A daughter asked her mother why the family meatloaf recipe that they all Loved needed to be baked in a tiny six-inch pan. It was never big enough to feed the entire family. The mother answered that the recipe was passed down from her mother, and she didn’t want to alter it in any way, even to make a larger size, for fear of changing the result. She suggested that the daughter ask her mother (the grandmother) about it. The grandmother gave the same answer that the girl’s mother did and suggested that her granddaughter ask her mother (the great grandmother) about it. When the girl asked her great grandmother, she was informed, “It’s the only size pan that would fit in my oven. Ovens were much smaller back then.” Until the daughter persisted in seeking the real reason for something she perceived as illogical, the familial conditioned habit and response would have continued, creating more generations of followers, like sheep.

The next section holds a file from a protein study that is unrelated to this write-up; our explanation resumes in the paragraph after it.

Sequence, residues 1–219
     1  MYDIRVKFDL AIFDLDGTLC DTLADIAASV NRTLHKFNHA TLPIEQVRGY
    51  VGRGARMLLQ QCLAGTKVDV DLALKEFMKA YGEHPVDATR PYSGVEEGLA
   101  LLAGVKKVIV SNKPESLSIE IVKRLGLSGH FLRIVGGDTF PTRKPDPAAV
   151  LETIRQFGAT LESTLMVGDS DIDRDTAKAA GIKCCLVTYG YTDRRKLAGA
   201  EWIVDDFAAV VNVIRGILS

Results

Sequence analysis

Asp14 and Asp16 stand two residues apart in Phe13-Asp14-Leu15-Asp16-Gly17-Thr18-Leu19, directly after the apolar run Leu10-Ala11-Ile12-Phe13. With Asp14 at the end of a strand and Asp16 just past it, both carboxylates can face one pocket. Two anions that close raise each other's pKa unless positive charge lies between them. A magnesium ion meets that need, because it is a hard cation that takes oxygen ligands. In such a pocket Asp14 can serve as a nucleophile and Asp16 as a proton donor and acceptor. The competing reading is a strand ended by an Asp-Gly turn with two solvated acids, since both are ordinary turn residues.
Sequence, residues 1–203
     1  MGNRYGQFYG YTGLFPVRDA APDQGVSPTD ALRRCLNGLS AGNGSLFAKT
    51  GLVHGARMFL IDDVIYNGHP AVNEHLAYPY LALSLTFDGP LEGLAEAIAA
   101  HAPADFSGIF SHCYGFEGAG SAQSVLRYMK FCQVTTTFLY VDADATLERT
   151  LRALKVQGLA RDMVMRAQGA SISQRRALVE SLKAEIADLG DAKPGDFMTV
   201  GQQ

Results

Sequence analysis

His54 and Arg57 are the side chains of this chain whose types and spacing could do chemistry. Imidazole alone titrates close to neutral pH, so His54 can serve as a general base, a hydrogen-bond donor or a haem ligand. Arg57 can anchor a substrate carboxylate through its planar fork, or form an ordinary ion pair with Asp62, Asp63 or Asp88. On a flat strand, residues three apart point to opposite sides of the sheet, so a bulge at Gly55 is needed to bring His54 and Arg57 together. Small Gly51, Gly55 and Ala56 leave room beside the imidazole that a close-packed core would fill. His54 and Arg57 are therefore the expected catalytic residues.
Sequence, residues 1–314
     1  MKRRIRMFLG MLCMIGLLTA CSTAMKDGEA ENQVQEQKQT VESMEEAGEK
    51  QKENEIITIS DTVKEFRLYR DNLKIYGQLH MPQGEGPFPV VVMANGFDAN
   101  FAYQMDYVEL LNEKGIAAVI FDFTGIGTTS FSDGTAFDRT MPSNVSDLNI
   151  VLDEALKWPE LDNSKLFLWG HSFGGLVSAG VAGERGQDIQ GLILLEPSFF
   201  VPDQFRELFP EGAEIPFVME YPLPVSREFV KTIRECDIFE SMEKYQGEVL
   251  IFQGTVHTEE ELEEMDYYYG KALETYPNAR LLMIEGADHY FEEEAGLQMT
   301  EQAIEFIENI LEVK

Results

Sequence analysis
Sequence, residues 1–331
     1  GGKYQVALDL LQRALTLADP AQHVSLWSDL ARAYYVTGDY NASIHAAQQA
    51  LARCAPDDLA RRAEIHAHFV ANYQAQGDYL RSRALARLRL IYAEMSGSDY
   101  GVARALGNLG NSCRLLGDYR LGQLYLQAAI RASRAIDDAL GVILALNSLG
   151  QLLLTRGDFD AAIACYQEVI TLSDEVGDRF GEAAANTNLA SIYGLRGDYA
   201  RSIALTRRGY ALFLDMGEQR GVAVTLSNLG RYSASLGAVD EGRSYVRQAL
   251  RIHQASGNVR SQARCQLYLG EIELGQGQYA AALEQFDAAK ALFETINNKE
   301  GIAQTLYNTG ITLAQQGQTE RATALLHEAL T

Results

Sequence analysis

How often do we assume that our actions and beliefs are based on information that we understand and agree with?
Pause to write.
What are some of your beliefs that you assume are yours because you have heard them so much, or believed them for a long time? Here are a few examples:
Health: “All the men in our family eventually get diabetes.”
Happiness: “No one is capable of staying truly happy.”
Relationships: “Relationships usually bring pain.”
Creativity: “Some people are creative. I didn’t get that gene.”
Success: “Success is having a house, a couple cars, recreational toys, two plus vacations a year, and a triple digit income.”
Appearance: “I’m not attractive enough for (fill in the blank).”